Element 118: Oganesson

Element 118: Oganesson

My blog posts are going to continue to be science-lite until we’re done with our move from Maine to Idaho, sometime in mid-October.  This week’s science-lite offering is our newest element, the element 188, which was officially named  just last year as Oganesson, after physicist Yuri Oganessian, who headed the joint Russian-American team that made the discovery of the element in 2006.  They collided atoms of California-249 and Calcium-48 to produce three – and maybe even four – atoms of element 118 as the isotope Oganesson-294, the heaviest element now discovered and the one to finally complete the periodic table row of the transactinides.  From a physical chemistry perspective, this is a very big deal. Oganesson is thought now thought to be a solid, but since it’s lifetime is measured in milliseconds, that’s not a sure thing yet.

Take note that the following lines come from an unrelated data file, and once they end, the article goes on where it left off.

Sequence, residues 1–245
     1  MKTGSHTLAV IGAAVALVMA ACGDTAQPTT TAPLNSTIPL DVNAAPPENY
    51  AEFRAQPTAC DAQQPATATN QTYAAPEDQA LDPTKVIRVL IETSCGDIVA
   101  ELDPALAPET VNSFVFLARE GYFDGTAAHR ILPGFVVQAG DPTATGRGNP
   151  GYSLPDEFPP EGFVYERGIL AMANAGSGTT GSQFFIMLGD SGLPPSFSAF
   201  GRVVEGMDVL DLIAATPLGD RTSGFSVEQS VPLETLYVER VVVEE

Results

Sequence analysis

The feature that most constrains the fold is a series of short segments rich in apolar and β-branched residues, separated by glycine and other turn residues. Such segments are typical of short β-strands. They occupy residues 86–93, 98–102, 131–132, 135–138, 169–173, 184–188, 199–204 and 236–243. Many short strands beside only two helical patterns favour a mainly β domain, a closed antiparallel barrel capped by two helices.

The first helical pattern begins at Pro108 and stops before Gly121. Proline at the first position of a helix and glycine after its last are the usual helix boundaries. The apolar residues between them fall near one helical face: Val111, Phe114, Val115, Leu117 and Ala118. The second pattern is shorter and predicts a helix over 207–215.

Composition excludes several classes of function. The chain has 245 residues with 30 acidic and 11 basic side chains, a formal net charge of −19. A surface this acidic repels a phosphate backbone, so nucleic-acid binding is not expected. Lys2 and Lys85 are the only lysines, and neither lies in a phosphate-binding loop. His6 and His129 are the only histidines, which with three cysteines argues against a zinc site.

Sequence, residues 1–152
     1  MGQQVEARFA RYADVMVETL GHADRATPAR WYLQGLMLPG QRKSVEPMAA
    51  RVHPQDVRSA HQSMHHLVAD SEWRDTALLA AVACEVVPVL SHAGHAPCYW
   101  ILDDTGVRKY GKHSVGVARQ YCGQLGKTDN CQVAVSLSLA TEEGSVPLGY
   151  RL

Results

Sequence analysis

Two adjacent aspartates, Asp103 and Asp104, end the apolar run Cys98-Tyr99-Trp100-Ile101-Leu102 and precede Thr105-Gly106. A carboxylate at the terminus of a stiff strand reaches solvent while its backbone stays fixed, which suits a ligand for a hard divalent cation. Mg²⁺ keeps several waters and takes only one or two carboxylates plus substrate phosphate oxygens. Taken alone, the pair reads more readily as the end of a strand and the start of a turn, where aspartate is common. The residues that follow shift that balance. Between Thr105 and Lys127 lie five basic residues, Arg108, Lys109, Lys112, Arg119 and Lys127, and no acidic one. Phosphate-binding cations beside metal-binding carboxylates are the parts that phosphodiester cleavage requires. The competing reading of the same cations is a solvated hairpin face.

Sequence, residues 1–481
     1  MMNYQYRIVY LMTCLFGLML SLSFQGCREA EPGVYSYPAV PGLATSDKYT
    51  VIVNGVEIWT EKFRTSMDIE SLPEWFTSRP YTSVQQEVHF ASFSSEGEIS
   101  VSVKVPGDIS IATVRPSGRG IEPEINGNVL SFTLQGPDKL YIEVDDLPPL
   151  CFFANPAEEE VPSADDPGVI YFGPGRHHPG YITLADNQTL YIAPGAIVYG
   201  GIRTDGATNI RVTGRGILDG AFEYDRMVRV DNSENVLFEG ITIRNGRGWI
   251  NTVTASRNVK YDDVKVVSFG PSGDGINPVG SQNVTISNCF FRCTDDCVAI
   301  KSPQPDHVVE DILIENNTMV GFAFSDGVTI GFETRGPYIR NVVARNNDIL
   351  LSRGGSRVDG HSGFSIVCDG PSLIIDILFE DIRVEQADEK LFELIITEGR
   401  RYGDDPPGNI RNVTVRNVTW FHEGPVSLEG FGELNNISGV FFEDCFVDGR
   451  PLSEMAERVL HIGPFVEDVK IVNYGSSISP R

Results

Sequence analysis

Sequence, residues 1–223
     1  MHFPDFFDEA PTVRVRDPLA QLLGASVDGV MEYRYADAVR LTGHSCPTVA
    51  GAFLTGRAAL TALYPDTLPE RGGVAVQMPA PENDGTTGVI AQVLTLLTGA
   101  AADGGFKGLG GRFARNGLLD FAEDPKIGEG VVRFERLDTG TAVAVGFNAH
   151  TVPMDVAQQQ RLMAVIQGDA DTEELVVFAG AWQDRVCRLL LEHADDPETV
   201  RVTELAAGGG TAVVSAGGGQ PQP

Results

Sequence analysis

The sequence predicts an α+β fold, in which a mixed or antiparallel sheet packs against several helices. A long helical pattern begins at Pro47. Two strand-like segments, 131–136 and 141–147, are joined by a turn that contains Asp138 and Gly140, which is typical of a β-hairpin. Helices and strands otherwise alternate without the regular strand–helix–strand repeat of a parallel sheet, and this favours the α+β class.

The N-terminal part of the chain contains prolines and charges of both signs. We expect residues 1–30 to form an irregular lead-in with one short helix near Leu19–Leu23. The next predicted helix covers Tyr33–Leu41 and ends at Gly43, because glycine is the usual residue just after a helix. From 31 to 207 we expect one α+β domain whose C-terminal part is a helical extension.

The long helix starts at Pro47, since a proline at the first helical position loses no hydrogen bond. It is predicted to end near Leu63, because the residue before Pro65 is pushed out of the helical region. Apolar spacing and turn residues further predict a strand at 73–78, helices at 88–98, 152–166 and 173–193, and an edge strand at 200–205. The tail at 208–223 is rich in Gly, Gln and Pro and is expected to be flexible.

Those three or four atoms of Oganesson-294 were unstable, since everything above Uranium is that way naturally. Everything above Uranium decays into lighter elements – there are too many protons and neutrons in the nuclii of the greater-than-uranium elements for the strong nuclear force to be effective in preventing decay.  Oranesson decays by alpha-particle emission, as shown in the decay diagram shown above (figure credit for the diagram goes to TKDG2007 at the English Language Wikipedia, 2009 by CC BY-SA 3.0).

The oddicial announcement of the acknowlegement and naming of Oganesson is at https://doi.org/10.1515/pac-2015-0501.  The wikipedia article at https://en.wikipedia.org/wiki/Oganesson is not bad at all.

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